David Stephan and his wife Collet Stephan arrive at court on March 10, 2016 in Lethbridge, Alta. (THE CANADIAN PRESS/David Rossiter)

Accused mother cries at Alberta trial over boy who died of meningitis

Parents charged with failing to provide necessaries of life for their son who died in 2012

The mother of a toddler who died of bacterial meningitis broke down several times Tuesday as she testified at her trial that she is still haunted by her boy’s death.

Collet Stephan told court that she still counts Ezekiel, who was 19 months old when he died, among her current living children.

“He’s my son,” she said tearfully. “My role as a stay-at-home mom is to care for my children. It’s my purpose. It’s why I was put on Earth.”

Stephan and her husband, David, are charged with failing to provide the necessaries of life for Ezekiel, who died in March 2012.

The Crown argues the Stephans should have sought medical treatment for the boy sooner. The couple opted to treat him with alternative medicines.

A jury convicted the couple in 2016, but the Supreme Court of Canada ordered a second trial. It is being heard by a judge without a jury and David Stephan is acting as his own lawyer.

Collet Stephan testified that she has vivid memories of some aspects of Ezekiel’s death but has blocked out others.

“It was an extremely traumatic time which no parent should have to go through,” she said.

Ezekiel first stopped breathing while she was holding him and listening to him inhale irregularly.

“I had patted him on the back and he started breathing again. I carried him to the bedroom and when I laid him on the bed he stopped breathing again.”

She said she pinched his nose and blew into his mouth and he coughed up mucus and fluid and seemed to improve.

The Stephans called 911 while driving the boy to hospital.

The couple have testified that they originally thought Ezekiel had croup and that they treated him with natural remedies. They saw no reason to take him to hospital despite his having a fever and lacking energy.

Collet Stephan said she did research on both viral and bacterial meningitis.

“In my mind, I’m thinking out of the two he would be closer to viral meningitis than he was the bacterial,” she said.

After discussing the matter with her husband, they decided not to take Ezekiel to the hospital right away.

“I didn’t see any health concerns warranting him to see the doctor. If he starts to exhibit symptoms, we should take him in.”

David Stephan testified they suspected Ezekiel may have contracted viral meningitis. It is less serious and usually clears up on its own, but the bacterial form can be fatal if not treated quickly with antibiotics.

“I recall distinctly that bacterial meningitis wasn’t on the radar,” he told Crown prosecutor Britta Kristensen during her cross-examination. “If we thought he had a fatal infection, we would have been to the doctor right away.”

He testified that his wife did call a friend at one point who was a nurse and a midwife. The friend mentioned the possibility Ezekiel might have meningitis but she wasn’t sure.

Stephan told court that he was “100 per cent convinced” that Ezekiel had recovered, until he noticed the child had an odd breathing pattern.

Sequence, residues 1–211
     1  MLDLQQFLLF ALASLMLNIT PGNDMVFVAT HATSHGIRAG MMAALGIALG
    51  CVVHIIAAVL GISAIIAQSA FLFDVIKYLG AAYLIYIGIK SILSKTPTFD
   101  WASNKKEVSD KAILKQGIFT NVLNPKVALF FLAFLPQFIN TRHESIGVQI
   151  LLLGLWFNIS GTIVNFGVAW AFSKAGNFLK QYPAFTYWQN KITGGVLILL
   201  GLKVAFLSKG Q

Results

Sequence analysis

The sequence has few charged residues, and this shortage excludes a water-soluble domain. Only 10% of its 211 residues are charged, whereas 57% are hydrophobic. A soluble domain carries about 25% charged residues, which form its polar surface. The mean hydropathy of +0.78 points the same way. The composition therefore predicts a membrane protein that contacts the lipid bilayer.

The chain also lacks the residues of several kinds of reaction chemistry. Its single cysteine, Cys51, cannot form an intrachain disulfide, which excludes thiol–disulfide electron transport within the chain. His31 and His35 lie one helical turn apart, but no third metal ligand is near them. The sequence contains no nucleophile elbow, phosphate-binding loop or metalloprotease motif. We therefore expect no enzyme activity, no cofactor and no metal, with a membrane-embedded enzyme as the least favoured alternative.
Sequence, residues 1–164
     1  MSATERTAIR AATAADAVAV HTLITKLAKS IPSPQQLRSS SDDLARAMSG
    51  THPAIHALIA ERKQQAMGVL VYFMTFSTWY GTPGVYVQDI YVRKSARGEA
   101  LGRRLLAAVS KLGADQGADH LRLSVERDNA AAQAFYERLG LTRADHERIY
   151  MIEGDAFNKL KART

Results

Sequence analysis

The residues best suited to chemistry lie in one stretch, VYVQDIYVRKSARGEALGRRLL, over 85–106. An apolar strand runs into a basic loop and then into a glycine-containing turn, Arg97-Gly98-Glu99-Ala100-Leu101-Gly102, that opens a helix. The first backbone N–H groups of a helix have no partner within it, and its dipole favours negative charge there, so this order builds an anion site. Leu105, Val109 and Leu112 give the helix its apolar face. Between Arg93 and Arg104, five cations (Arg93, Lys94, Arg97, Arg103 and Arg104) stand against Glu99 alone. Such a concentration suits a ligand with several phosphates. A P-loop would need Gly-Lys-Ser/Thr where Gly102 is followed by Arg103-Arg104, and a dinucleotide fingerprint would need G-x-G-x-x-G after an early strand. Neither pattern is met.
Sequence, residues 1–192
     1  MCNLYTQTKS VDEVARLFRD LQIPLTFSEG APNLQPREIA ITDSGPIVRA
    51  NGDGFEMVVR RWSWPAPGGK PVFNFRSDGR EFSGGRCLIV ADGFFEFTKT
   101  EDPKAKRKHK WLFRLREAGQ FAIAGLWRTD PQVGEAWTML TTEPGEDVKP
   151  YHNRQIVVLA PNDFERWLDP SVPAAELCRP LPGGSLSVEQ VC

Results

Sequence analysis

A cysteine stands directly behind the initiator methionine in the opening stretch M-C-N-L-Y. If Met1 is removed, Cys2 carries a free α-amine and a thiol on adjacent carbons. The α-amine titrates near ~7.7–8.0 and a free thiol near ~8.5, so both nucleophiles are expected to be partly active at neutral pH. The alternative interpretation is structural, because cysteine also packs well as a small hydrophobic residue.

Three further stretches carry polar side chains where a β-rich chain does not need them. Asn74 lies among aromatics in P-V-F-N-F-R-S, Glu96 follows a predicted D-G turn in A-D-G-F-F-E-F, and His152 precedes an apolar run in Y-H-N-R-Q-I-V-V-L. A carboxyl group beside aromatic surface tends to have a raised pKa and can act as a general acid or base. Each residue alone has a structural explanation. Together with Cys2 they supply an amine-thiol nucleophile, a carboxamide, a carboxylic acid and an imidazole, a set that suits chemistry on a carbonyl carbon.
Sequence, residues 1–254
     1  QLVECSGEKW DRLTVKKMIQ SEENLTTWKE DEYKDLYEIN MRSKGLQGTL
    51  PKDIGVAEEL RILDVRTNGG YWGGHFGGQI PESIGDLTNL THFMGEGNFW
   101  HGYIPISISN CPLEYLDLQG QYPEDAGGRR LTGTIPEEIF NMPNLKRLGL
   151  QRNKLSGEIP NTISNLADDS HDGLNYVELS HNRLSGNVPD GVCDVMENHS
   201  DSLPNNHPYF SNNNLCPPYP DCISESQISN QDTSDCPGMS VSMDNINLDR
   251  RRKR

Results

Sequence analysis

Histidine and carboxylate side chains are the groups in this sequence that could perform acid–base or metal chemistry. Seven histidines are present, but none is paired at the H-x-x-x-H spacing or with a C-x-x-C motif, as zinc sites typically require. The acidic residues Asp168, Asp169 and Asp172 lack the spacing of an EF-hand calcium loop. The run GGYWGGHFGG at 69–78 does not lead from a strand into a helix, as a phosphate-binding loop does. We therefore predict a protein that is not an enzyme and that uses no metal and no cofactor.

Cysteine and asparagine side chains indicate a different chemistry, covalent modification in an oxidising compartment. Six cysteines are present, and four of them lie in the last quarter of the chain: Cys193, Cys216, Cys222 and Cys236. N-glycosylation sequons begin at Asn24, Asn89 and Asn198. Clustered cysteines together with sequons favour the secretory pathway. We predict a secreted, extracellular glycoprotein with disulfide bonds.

He said the couple continued to treat him with natural remedies, even after the toddler was declared brain dead at the children’s hospital in Calgary.

“We were given no hope whatsoever. We weren’t willing to let go,” he said. “We would cling onto anything.”

Bill Graveland, The Canadian Press

Like us on Facebook and follow us on Twitter

Just Posted

Chiefs honour Tsilhqot’in leader wrongfully hanged in B.C. 154 years ago today

Chief Joe Alphonse says they want his remains returned to his homeland in B.C.’s Cariboo region

RCMP put down two dogs after woman attacked

The woman suffered serious injuries to her left arm, which include a broken left lower arm.

St. Timothy’s Church celebrates fully renovated kitchen with collaborative yard sale

The yard sale will be followed by an official ribbon-cutting ceremony

Hot July Nights shifts into gear for the local economy

One of the biggest events in the South Cariboo rolled through town… Continue reading

South Cariboo senior living residence announces expansion due to high demand

Carefree Manor suspects the expansion to be finished later in 2020.

Feds lowered poverty line, reducing the number of seniors in need: documents

Liberals introduced a poverty line that was below the prior low-income cutoff

BCHL: Alberni Valley Bulldogs have been sold

Victoria company has purchased BCHL team, but will keep it in Port Alberni

“Does Kirby care?” B.C. First Nation’s group using geo-targeted ads in Houston, Texas for justice

The Heiltsuk Tribal Council has called out Kirby Corporation for the Nathan E. Stewart oil spill

Trudeau announces $79M investment for 118 more public transit buses across B.C.

Contributions from municipal to federal level to fund more buses in a bid to cut commutes

B.C. woman wins record $2.1 million on casino slot machine

‘That night was so surreal … I wasn’t able to sleep or eat for the first two days,’ she said

After B.C. dad’s death, Technical Safety BC wants changes to trampoline park rules

Jay Greenwood, 46, did ‘a series of acrobatic manoeuvres prior to a fall that caused serious injury and cardiac arrest’

$900M settlement reached in class action on sexual misconduct in Canadian military

After facing criticism, the government moved to begin settlement proceedings in early 2018

Tax take stays ahead of increased B.C. government spending

Tax revenue $2.1 billion higher than budget in 2018-19

Two toddler siblings found drowned on First Nation in Alberta

The siblings were found drowned on their family’s property, according to RCMP

Most Read